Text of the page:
Stories from my personal journey learning about and delivering Nature-rooted programs across three different countries
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Today I wanted to write about a little boy in our PRU group named Joshua. He's about 8 years old, loves the outdoors, enjoys playing, exploring and learning about the creatures, fungi, and plants that live in the woodland. He listens respectfully, is polite towards others, and is very helpful.
With such good behaviour, you may be wondering (just like I did) why is he at the PRU?? But the Joshua I have come to know is the 'Forest School Joshua', the character he transforms into when he comes to the woods. The Joshua that his family and teachers know is apparently very very different...
Today, while chatting with the PRU staff, they revealed that back at school Joshua displays quite disturbing behaviour and often uses obscene language. I was shocked at this, as it seemed nothing like the calm, sweet Joshua I knew! They said that Joshua is one of the most extreme cases they have ever worked with and emphasised how incredible his transformation is when he comes to Forest School, a bit like Dr Jekyll and Mr Hyde. They expressed how lovely it is to see Joshua relax, play and just be a kid for a bit whilst in the woods.
Now, we never get the full background story for the children who attend Forest School, but we are sometimes told a bit of information about their circumstances at home, which are usually horrific. Without going into detail, Joshua's circumstances are no different and he has been through a lot of trauma for someone at such a young age, which helps explain his disturbing and antisocial behaviour at school. But why is he so different at Forest School? There could be a number of reasons for this, but I expect the environment has at least a little bit to do with it...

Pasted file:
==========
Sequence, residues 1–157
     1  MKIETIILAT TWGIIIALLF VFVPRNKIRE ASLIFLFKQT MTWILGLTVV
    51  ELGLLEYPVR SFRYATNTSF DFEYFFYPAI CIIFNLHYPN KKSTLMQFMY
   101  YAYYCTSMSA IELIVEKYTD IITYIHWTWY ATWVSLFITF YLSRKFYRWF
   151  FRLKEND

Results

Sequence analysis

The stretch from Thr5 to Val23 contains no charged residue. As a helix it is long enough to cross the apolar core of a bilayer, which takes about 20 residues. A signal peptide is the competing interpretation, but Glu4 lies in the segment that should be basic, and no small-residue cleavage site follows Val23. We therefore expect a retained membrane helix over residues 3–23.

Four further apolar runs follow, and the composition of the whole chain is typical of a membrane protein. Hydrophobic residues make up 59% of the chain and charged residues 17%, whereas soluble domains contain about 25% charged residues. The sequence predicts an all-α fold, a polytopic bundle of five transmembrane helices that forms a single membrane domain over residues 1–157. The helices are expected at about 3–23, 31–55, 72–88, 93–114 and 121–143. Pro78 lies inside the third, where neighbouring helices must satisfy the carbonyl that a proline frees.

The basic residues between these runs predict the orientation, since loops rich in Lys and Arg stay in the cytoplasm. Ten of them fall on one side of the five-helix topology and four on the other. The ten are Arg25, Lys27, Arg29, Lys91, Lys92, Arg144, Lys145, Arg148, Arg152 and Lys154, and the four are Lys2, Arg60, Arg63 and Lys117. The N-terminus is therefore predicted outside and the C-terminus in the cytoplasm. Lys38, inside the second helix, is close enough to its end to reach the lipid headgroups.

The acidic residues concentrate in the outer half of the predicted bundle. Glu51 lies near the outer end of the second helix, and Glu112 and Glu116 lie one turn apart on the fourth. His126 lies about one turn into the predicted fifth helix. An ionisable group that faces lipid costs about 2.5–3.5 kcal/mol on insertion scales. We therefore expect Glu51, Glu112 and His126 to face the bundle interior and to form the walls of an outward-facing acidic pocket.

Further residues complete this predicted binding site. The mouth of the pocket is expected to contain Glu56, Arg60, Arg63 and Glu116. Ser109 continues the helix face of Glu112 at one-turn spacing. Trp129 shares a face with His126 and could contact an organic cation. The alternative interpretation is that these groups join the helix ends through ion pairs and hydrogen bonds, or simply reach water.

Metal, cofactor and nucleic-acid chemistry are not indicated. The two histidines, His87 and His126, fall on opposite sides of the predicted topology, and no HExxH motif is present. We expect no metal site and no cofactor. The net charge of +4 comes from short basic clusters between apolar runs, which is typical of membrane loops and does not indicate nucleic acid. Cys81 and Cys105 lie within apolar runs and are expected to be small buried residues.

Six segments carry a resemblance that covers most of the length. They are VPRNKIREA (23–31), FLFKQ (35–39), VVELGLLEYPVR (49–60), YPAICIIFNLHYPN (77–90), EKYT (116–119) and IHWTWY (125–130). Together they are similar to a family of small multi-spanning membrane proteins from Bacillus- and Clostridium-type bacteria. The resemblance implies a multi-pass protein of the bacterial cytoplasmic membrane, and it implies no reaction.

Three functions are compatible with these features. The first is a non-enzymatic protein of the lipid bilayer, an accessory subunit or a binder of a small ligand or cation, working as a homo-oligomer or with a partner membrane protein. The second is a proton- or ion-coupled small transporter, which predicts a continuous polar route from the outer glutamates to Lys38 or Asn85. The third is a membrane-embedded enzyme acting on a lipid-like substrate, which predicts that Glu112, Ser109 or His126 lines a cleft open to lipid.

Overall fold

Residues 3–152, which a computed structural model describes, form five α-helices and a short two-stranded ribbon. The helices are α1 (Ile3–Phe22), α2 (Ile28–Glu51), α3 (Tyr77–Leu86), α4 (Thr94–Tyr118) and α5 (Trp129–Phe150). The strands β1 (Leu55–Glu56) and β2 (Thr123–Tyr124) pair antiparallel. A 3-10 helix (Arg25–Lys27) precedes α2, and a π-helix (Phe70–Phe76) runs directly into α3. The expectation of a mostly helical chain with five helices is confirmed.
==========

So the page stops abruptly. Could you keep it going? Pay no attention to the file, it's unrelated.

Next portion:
Research has shown that our environments effect our stress levels, which impacts on our mind and bodies:
“The stress of an unpleasant environment can cause you to feel anxious, or sad, or helpless. This in turn elevates your blood pressure, heart rate, and muscle tension and suppresses your immune system. A pleasing environment reverses that” (University of Minnesota, 2014).
So a change in environment can have a massive impact on a person's mental and physical wellbeing and, therefore, on their associated behaviours. Interestingly, research also shows that when we spend time in a natural environment, it has a positive and powerful effect on us:
“Being in nature, or even viewing scenes of nature, reduces anger, fear, and stress and increases pleasant feelings. Exposure to nature not only makes you feel better emotionally, it contributes to your physical wellbeing, reducing blood pressure, heart rate, muscle tension, and the production of stress hormones” (University of Minnesota, 2014).
Could this explain Joshua's transformation? Does just being in nature calm his stress levels so much that it alters his behaviour so drastically? I can't say for certain, but it's definitely a strong clue towards solving this Jekyll & Hyde mystery...
University of Minnesota Center for Spirituality & Healing and Charlson Meadows Renewal Center (2014) How Does Nature Impact Our Wellbeing?, http://www.takingcharge.csh.umn.edu/enhance-your-wellbeing/environment/nature-and-us/how-does-nature-impact-our-wellbeing, 27/04/2016.